In today's Finshots we talk about how India's GDP grew by a whopping 20.1% during the first quarter of FY2022, when compared to the same period last year
The GDP figures obviously don’t tell you the whole story. 20% growth may look exceptional but that’s only because we are measuring this growth based on what happened last year during April, May, and June — when economic activity came to a grinding halt thanks to a nationwide lockdown.
We call this the base effect.
It’s like this — Imagine you’re going at 60 mph and you hit a speedbump. Bam!!! You’ll have to decelerate and you’re back at 20mph — moving at a snail’s pace. But once you navigate the speed breaker, you can floor the accelerator and be back up traveling at 40 mph within a moment’s notice.
Now if I were measuring the growth in speed, from 20 mph to 40 mph, I’d say you did pretty well — doubling your speed in no time. But in reality, you could only achieve this amazing feat because of the speedbump. If the speedbump hadn’t existed, then the current speed of 40 mph would look wholly unimpressive. In fact, it would have meant a de-growth in speed — from 60 mph to 40 mph.
Bottom line —This example should serve as a cautionary tale when dealing with GDP growth figures. A low base can have you convinced that we’re growing at an exorbitant pace, when in fact we may not be growing at all.
But that’s only half the story. The 20% growth maybe exaggerated, but it’s still a promising figure by all accounts. Take for instance the high-frequency indicators — items that give you a granular view of what’s happening across the economy.
You can look at the electricity data and tell if large industries are in production mode. You can look at the number of tractors sold last month and tell whether farmers are confident about the future. You can look at toll collection and tell if trucking activity has resumed. And you can look at several high-frequency indicators like these right now and they’ll mostly be telling you the same thing — there is a definite uptick in economic activity and we could see things normalize soon enough.
Also, remember that even though we didn’t have to deal with a nationwide lockdown this quarter, the second wave did considerable damage to our growth prospects. Multiple state governments imposed lockdowns when in crisis and there’s no doubt that it affected manufacturing and consumption across the country. More importantly, vaccination rates have been picking up since June. So if you were to believe the current trends are likely to persist it’s safe to say that a recovery is much more likely the way things are panning out.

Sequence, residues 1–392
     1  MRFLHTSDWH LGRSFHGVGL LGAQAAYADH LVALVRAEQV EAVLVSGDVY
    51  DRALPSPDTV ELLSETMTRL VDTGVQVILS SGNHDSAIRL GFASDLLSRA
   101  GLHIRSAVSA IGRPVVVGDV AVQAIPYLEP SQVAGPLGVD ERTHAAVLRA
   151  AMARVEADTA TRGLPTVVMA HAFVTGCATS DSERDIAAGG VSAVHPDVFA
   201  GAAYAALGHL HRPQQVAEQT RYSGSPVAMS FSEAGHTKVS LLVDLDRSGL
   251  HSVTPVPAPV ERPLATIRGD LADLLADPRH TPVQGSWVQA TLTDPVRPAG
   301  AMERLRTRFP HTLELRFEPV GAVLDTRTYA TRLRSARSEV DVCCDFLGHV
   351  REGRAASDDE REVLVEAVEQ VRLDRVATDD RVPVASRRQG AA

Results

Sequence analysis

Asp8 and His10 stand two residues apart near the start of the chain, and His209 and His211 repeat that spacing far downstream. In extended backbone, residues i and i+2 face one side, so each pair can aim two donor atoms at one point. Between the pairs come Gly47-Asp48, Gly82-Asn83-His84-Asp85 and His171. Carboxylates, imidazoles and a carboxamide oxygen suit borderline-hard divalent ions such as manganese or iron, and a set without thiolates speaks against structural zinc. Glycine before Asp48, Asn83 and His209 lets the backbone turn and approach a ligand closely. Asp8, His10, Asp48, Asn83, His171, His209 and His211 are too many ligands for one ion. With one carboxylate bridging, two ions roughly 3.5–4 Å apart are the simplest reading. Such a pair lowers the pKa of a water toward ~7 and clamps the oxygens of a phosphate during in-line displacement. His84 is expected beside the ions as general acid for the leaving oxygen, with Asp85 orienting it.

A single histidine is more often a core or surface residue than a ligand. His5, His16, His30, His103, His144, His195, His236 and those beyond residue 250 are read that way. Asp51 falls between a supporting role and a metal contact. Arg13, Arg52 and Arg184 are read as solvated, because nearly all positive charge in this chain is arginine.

Perhaps the only disappointment is that the government’s contribution to the GDP has been lacklustre at best. When you have an economic downturn, government spending can prop up the economy. They generally have the means to spend big on goods and services and can provide an impetus to growth. Unfortunately, government consumption expenditure contracted 4.8% from a year earlier. So that’s a bit of a bummer.
Then there’s also the fact that private consumption hasn’t normalized either. People (much like the government) aren’t spending on goods and services like they used to and nobody knows for sure why. Now some people suggest that this could be a consequence of wage loss. After all, the pandemic destroyed thousands of jobs and displaced an even greater number of people. So if these folks no longer have the means to earn a decent wage, how are they going to splurge?
Another hypothesis is that people are just being cautious right now. The threat of an impending third wave is still looming large. So maybe people are just waiting it out. In any case, the current GDP figure does offer hope even though it's not extraordinary by any stretch of the imagination. And if things go according to plan, maybe we could be back at pre-pandemic levels by the end of this quarter.